Yasmina baking tortillas. Her stove is in a hut next to the house, and it consists of a DIY concrete table, a metal grill and a few burning sticks. The family mainly eats tortillas with beans, rice and vegetables; meat is very rare on their table.
Today we make such effortless progress that we only take a break after 50 kilometres! The pop cans are from a friendly couple who handed them to us through their passenger window on the go. Cheers! In 40 degrees heat there's nothing like a cold drink.
We ask the owners of a little café for a good camp spot nearby and they invite us to stay on their ranch.
Maggie and I feel like home between all the animals!
The pig sty.
We eat the last one of the grapefruits we brought from the hotel in Mulegé, and Dave discovers the cooling, shock absorbing, and finally sedative effect of its peel.
Gefahrene Strecke: 92,08 km
Durchschnittsgeschwindigkeit: 20,75 km/h
Nachtlager: auf Antonios und Antonias Hof (Ranch Camp II.)
Samstag, 14. Dezember:
An exhausting, but unspectacular day: oncoming wind, continuous climbing to over 400 metres altitude and 41 degrees heat. We're glad when we catch up to Maggie and Bryan who have found a good place to camp behind this wired fence!
Gefahrene Strecke: 80,7 km
Durchschnittsgeschwindigkeit: 15,36 km/h
Nachtlager: an einer Seitenstraße (Cactus Camp VII.)
Sonntag, 15. Dezember:
It's not even 50 kilometres downhill to La Paz but it is harder and more annoying than all the climbing we've done so far. Strong winds from all directions and car drivers who suddenly are in a hurry in their last half hour... When we arrive in La Paz, we're mostly frustrated.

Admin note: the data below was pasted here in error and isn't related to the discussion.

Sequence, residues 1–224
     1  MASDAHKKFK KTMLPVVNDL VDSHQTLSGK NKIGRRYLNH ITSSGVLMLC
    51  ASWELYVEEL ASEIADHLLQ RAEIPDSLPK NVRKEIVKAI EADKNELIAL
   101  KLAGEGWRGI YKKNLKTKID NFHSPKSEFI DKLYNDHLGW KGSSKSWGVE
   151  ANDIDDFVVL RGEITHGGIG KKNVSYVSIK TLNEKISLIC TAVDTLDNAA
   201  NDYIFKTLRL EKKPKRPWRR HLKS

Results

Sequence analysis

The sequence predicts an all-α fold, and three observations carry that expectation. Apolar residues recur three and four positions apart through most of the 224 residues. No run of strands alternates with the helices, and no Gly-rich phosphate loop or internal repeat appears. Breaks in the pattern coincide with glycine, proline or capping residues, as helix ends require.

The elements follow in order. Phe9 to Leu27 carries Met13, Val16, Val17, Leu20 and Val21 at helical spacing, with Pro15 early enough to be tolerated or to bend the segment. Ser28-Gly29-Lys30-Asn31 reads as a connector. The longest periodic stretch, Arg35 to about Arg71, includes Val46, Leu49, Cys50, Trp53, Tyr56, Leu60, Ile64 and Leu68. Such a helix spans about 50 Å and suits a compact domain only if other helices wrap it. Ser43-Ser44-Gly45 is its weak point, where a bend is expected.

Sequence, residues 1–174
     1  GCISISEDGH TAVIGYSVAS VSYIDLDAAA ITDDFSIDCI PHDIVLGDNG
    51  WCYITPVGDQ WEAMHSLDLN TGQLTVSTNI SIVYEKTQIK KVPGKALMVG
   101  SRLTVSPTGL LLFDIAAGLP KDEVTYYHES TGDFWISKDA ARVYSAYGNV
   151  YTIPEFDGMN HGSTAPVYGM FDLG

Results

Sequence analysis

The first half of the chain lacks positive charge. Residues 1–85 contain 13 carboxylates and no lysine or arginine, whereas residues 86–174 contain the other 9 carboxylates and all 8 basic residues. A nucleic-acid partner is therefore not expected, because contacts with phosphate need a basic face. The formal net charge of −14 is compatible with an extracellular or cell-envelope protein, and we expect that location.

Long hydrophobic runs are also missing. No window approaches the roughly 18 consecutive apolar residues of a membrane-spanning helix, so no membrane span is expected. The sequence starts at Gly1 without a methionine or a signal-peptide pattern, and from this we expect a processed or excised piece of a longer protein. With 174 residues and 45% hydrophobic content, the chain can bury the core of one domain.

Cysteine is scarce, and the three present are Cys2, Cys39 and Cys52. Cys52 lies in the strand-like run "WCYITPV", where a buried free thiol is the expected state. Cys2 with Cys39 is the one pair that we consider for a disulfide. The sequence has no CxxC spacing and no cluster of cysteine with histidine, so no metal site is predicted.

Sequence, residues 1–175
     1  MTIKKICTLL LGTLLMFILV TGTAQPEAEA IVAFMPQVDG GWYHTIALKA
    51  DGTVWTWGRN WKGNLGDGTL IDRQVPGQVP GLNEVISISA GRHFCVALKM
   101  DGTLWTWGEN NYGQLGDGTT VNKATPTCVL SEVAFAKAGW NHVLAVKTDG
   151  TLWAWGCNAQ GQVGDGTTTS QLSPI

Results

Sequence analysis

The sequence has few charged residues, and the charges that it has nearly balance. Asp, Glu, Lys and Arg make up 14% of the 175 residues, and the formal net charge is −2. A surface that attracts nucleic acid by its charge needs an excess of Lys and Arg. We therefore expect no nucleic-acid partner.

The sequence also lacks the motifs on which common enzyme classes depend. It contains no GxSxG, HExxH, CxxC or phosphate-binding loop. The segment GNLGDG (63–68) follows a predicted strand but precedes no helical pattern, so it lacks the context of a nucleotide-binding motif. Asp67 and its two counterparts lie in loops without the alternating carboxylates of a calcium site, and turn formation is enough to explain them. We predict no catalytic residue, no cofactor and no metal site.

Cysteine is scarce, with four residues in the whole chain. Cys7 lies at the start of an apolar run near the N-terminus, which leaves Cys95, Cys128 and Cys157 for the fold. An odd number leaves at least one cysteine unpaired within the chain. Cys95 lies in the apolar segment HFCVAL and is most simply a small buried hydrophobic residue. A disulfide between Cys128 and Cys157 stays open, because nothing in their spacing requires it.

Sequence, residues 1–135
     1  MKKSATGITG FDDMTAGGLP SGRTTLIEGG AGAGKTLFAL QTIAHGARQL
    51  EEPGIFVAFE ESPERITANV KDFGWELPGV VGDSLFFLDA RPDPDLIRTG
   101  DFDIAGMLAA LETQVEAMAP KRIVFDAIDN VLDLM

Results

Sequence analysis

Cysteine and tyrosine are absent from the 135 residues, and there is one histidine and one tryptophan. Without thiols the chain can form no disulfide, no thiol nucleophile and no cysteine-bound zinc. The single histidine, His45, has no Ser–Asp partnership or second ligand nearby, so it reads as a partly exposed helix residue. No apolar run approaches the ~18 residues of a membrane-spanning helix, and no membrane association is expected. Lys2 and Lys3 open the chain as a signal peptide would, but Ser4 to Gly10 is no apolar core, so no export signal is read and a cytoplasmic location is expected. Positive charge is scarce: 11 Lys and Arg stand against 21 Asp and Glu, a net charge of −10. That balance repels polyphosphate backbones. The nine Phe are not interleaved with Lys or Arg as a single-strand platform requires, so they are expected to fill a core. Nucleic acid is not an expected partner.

Nach einem sagenhaften Mittagessen und einer Dusche in Glendas fahrradfreundlichem Haus sickert jedoch die freudige Tatsache durch, dass wir Niederkalifornien geschafft haben: 1627,11 Kilometer in fünf Wochen (drei Wochen reine Fahrzeit). Jetzt muss nur noch unser Paket mit den Fahrradteilen ankommen und der Wind aufhören, damit wieder Schiffe hinüber zum Festland fahren können...
After a really nice lunch and a shower in Glenda's bicycle friendly house though, the good news slowly leaks out to us that we've just finished Baja California: 1627.11 kilometres in five weeks (three weeks of riding). Now only our package with the bike parts has to arrive and the wind has to stop so that the ships can cross the Sea of Cortez again to the mainland...
We are not the only guests in Glenda's house right now: Sara and Pedro from Portugal have been staying with her for one week now, they're waiting for a boat to go to the mainland. Today, they celebrate their wedding anniversary and cook dinner for everybody. And to our surprise, Marion and Virgile are invited as well, the couple has also been stuck in La Paz for a whole week because there's no ship traffic due to the wind.